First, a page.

Ever hear of something called “Nomophobia? The word itself is an abbreviation for “no-mobile-phone-phobia” and refers to the anxiety you feel when you don’t have your mobile phone handy or have a signal. It is one of a growing number of “digital diseases” that can cause painful physical symptoms as well as mental health issues that ultimately make you less productive, depressed, and sick.
Our use of digital devices, apps, email, and social media (even for work purposes) has crossed the line into an unhealthy relationship. For some, it has become a behavioral addiction. Bring these habits and behaviors into the workplace and we create an toxic environment that threatens our wellbeing and resilience to do the important work that nonprofits need to do.
The benefits of taking control of your digital life in and outside the office are immense: greater presence and mindful attention, enhanced productivity and creativity, better relationships, improved sleep, and less risk of anxiety. Bring these benefits into a nonprofit workplace, and perhaps some of the stress levels will go down. We wrote about this in depth in the book The Happy Healthy Nonprofit.
Here are a few tips for nonprofits.
- Admit It, You Are On Your Mobile Phone Too Much: Self-awareness is the first step to changing habits. Start to notice how much time you are on your phone and what you are doing. Apps like Moment can help you monitor. You can make it fun to put down your phone using the Forest app (better than locking it in a closet).
- Turn Off the Damn Screen and Go for a Walk: Sitting in front of a screen for too long can cause eye strain, neck problems, and other pain. Worst, there is trouble at the top: brain fog. A quick fix is take a walk—even if you just go down the hall and back. Moving reboots your concentration and replenishes energy. (But leave your mobile phone behind, and if you are tempted to take it with you re-read Tip 1 and book a session with Mindful Techie, who works with nonprofit professionals.)
- Practice 20/20/20 for 20/20: Eye strain is a common workplace complaint. Symptoms include headaches, dry eyes, red eyes, trouble seeing clearly even wearing glasses, and more. One trick to reduce the impact of eye strain that I learned from a grantee of the Moses Taylor Foundation’s Healthy Workplace Initiative was something called 20-20-20. Every 20 minutes, take a break and look 20 feet ahead for 20 seconds to rest one’s eyes from the screen.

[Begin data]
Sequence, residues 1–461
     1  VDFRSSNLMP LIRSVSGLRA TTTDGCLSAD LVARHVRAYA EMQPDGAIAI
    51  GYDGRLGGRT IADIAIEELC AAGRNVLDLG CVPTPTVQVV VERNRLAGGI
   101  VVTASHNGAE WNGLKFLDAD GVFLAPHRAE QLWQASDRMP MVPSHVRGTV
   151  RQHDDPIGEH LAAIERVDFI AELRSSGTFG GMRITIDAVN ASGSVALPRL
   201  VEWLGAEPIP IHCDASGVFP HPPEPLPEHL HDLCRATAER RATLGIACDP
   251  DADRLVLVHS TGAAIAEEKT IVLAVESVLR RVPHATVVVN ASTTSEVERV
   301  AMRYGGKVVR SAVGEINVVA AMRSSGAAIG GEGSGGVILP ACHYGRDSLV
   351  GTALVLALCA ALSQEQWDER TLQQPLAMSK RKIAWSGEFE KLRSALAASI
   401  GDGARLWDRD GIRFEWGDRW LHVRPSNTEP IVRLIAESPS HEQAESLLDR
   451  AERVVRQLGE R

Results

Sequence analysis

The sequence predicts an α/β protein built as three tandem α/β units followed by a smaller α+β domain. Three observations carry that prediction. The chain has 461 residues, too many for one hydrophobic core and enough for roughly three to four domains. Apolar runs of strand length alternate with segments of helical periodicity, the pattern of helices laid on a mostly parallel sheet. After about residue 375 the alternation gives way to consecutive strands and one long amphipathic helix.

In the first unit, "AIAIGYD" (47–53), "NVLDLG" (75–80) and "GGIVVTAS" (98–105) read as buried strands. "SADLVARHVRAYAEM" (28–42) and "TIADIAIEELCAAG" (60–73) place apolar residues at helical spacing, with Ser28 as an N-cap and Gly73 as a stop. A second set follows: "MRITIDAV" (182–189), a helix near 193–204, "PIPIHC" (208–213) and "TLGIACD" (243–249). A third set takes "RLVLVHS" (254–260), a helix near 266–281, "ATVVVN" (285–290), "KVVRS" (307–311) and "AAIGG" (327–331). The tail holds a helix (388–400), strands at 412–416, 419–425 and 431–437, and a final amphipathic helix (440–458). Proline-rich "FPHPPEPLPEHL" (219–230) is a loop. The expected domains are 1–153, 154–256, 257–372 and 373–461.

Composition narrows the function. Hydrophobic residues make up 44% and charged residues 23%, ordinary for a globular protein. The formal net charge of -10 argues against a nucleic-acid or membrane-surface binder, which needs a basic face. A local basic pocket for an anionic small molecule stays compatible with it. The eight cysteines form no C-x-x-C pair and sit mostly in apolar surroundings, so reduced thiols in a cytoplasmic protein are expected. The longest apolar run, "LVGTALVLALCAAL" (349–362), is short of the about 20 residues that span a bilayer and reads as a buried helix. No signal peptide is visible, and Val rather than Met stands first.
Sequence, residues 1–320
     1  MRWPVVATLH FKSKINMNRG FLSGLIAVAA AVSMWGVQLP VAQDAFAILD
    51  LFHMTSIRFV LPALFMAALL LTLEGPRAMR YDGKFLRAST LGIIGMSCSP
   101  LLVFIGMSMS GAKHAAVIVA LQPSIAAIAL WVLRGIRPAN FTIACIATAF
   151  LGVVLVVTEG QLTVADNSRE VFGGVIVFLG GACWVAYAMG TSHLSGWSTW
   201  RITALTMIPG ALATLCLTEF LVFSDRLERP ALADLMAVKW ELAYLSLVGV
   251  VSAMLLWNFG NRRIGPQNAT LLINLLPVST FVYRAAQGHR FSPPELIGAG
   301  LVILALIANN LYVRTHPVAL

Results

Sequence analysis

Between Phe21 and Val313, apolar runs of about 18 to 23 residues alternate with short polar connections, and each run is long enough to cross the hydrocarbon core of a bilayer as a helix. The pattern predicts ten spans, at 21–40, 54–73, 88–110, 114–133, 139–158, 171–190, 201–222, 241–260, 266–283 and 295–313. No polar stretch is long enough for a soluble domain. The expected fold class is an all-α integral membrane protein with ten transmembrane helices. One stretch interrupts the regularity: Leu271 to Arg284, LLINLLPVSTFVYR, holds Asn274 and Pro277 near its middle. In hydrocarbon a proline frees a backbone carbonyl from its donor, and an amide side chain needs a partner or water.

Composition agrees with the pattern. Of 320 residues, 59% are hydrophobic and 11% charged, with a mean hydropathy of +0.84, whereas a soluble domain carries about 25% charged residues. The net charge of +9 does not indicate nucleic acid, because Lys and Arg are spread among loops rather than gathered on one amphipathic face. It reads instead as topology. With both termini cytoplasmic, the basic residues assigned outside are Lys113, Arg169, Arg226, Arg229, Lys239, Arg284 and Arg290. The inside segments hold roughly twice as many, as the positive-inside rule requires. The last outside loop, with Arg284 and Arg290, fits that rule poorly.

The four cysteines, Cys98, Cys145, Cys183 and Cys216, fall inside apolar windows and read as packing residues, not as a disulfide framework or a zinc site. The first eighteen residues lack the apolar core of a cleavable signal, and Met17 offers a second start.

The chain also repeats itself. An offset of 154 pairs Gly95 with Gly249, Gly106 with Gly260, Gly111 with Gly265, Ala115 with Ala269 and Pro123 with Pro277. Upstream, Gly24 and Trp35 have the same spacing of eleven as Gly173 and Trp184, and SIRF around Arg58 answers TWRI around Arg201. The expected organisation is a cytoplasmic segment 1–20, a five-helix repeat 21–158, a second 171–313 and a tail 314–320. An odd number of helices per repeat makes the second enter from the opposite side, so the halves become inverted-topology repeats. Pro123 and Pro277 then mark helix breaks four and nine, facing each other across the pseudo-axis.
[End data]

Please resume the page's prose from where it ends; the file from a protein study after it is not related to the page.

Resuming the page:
- Break Your Breaking News Addiction: We need to get rid of all those breaking news alerts on our mobile phones, especially if there is a notification sound and it pops up on our tiny screen screaming “read me.” It breaks our attention and we are training ourselves how to distract ourselves. I’m not saying don’t consume breaking news at all, just consume breaking news mindfully.
- Create Non-Digital Space in the Morning and Evenings: Don’t have the last thing you do at night and the first thing you do in the morning be look at work email, or Facebook, or breaking news. If you are looking at any screen before brushing your teeth in the morning, stop. Create a different evening routine that lets you say goodnight iphone an hour or two before bedtime. Here are some tips.
- Scramble Your Apps on Mobile Phone to Change Bad Patterns: Your thumbs have memory—and if you mindlessly pick your phone up and start tapping—before you know it you are in a repetitive loop of checking everything. Here’s more advice about disrupting non-productive use of your mobile phone and avoiding addiction.
Come join me for this FREE webinar hosted by Salesforce Foundation on February 13th. I’ll not only be talking about personal use habits for nonprofit professionals but how to bring technology wellness into the workplace as a cultural norm.
What’s your favorite tip for guarding against digital diseases? How does your nonprofit focus on technology wellness in your workplace?
This posted has been reprinted with permission from Beth’s Blog. Beth Kanter, @kanter, was named one of the most influential women in technology by Fast Company and is the award-winning author of The Networked Nonprofit books. She is an internationally acclaimed master trainer and speaker.